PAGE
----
You don’t have to go to endless meetups (unless you want to) or build a long relationship with someone before you become co-founders. In my case it was more like jumping at the chance and later finding out how well it works. What follows is a true story. Reading it might help you. 😉
The Uncertain Start
I am the type of person who writes about any problem or idea she encounters. I’m so transparent that I posted my panties on blogger once.
Anyway, one day I had the best idea (like any other) about a productivity app that I wanted to create. Only one problem: I am not technical.
So I thought about it, read some articles that said: look around in the industry and contact someone (but I didn’t know many people); “go to meetups” (but I was aware of no startups in my immediate surroundings), and “go it alone” (which frankly helps no one).
Basically, I was stuck. Until I remembered.
What My Roommate Said Once
To make sense of what happened next, here’s a quick story:
In 2008, I had an online boyfriend, which was a terrible mistake but I was young, so one day I decided — from the goodness of my heart — to give him a present. But I was stumped.
What do you give someone you have never even met in person?
My roommate was currently in love with Bon Jovy’s Always and she had cranked it up (is that what Americans say?), and she was on a love vibe, so she said to me, “Why don’t you write him a poem?”
I laughed. I wasn’t a poet, and yet… I was a writer, so why not?
It ends with writing one of my favorite poems (which I will not show you). That was the moment I adopted the following rule of thumb:
“When in doubt, just play to your strengths.”
How I Found My Co-founder
So when I was faced with the impossible task – find a co-founder – I followed that advice. And my strength is writing, so… I wrote an article.
And even though the article was overly ambitious and contained a lot of bullshit (the well-intended kind), a lot of people contacted me, and get this: they were all so talented! No trolls. Can you believe it?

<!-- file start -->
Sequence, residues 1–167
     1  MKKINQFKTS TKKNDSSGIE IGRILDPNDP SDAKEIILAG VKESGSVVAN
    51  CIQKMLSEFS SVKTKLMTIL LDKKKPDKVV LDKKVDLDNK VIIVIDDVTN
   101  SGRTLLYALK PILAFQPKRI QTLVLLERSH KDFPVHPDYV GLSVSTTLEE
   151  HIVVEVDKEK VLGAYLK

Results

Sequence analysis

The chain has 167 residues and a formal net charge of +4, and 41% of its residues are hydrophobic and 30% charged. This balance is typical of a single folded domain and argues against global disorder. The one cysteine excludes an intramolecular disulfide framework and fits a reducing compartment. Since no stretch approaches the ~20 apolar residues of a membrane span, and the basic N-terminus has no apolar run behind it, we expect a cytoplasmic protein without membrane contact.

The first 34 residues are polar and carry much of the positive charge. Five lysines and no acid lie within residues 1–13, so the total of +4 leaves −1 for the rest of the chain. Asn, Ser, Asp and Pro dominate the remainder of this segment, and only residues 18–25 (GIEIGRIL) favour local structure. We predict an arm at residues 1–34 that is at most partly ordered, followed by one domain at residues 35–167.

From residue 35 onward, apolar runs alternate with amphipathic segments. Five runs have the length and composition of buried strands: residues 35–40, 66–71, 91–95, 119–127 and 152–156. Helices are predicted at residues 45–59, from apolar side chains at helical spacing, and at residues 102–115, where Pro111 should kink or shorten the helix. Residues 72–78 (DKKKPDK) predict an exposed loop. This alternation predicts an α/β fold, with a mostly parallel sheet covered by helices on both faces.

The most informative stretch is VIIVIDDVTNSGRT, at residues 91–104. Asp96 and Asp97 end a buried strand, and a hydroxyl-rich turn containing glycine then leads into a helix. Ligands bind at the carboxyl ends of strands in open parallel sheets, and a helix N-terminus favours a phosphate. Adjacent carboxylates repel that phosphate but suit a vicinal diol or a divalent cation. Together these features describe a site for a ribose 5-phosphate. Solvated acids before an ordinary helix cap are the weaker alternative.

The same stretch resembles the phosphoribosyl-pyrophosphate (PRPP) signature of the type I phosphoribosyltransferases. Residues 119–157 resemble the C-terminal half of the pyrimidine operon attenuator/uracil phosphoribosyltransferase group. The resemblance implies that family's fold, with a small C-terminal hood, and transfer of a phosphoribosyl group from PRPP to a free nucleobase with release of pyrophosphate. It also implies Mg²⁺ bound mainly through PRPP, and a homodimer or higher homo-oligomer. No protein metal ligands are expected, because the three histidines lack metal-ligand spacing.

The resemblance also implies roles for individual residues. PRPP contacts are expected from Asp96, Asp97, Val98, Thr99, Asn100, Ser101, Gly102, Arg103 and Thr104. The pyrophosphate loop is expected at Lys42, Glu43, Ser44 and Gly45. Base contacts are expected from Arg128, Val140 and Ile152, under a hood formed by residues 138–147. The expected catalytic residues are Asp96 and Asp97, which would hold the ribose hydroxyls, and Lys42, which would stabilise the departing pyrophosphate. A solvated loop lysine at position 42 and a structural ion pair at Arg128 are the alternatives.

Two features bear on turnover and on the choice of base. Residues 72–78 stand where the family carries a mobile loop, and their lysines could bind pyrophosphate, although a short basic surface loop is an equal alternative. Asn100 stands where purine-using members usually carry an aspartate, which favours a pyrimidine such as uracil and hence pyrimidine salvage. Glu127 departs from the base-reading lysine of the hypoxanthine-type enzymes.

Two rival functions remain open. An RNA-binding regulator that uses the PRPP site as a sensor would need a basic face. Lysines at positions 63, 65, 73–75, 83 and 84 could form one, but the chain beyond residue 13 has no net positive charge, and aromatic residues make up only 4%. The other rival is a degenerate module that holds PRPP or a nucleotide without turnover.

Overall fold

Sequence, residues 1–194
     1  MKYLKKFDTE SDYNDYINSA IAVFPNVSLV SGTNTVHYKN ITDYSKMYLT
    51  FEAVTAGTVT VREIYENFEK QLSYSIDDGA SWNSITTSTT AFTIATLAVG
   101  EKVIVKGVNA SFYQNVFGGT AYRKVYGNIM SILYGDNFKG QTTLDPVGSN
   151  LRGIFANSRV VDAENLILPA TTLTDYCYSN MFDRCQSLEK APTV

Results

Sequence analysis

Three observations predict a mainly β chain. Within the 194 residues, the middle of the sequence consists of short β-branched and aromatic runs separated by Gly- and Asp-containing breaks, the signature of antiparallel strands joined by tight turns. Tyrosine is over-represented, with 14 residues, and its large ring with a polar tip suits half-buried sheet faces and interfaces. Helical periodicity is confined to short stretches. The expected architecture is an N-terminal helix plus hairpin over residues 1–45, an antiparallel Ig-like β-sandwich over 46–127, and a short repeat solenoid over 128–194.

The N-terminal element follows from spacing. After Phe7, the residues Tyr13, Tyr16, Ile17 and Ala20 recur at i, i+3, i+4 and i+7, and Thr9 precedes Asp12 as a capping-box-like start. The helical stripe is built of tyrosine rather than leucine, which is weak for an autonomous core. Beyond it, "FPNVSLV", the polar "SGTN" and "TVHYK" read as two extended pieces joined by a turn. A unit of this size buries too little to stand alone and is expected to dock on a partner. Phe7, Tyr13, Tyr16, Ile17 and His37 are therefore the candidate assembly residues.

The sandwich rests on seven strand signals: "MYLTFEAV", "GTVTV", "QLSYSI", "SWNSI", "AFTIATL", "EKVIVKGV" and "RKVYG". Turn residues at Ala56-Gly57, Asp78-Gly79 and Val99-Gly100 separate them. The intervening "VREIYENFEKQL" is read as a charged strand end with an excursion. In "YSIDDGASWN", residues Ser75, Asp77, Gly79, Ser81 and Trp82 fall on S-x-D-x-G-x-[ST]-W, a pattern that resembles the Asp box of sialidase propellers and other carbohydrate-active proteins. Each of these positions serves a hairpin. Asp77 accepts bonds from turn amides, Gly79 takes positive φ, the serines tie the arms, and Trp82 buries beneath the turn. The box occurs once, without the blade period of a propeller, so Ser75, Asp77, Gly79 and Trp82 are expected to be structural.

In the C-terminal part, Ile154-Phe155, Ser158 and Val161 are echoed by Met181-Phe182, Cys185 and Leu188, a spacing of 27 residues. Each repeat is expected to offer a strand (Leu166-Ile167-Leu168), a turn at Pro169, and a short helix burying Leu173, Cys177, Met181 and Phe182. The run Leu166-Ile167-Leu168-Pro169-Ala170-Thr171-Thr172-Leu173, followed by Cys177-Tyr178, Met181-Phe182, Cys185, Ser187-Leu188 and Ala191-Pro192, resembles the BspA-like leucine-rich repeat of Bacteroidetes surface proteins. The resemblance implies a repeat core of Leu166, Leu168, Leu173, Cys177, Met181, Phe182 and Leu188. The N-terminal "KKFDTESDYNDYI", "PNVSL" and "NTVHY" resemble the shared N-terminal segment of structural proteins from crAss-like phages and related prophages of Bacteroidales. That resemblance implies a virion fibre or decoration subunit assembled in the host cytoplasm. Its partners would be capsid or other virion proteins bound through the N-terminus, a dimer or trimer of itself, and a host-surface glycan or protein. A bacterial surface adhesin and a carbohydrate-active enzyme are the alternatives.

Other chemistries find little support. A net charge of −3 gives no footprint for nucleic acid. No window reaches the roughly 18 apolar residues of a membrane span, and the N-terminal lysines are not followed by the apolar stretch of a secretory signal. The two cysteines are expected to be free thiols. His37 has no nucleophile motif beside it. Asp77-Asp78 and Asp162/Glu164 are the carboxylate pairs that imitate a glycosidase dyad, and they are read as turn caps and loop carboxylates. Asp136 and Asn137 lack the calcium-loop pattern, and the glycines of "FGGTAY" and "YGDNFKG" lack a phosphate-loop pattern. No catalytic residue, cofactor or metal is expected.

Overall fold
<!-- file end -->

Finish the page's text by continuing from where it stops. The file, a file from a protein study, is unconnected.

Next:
I got emails from designers and developers who wanted to work with me… for free. What the?! I mean, I wasn’t in the position to pay anyone, so it made sense that nobody would answer, and yet, a lot of wonderful people did. That’s how I found my co-founder.
His first message (on twitter) was weird, something like:
Yeah, that’s very easy to do. Guess I’m in, whatever.
I was not overwhelmed by his enthusiasm… but I reached out (my motto is never say no before you know more) and after our Skype chat, I wanted to work with him. Many projects later, we are now working together on Amazemeet, which you might have seen on Product Hunt.
His name is Mike Sutton and he’s a great maker, consultant, and friend.
You see? No meetups. No searching. Just sending out a message and waiting to see who answers. People really do surprise you.
How Can You Apply This?
Play to your strengths. If it’s attracting people, organize an event. If it’s designing, make a landing page. If it’s talking, start a podcast. If you have a zillion friends, ask one of them to recommend someone.
Anything you’re good at can help you find a co-founder.
And maybe you won’t be as lucky to “fit” with the first person who contacts you, but it’s better than following some shady advice from the media.
I mean, come on. Do you apply every productivity hack you come about? I doubt it. So instead of spreading yourself thin to “find the right person”, let them come to you. Serendipity will make sure they do.
5 thoughts on “People Say It’s Hard to Find a Co-founder But It’s Really Not (True Story)”
This article was awesome. I love everything about. I’m inspired to do the same to get my co-founder. Thanks for writing this!
Glad it helped you, Bryan! Share the link afterwards. 🙂
You’re right…I definitely will!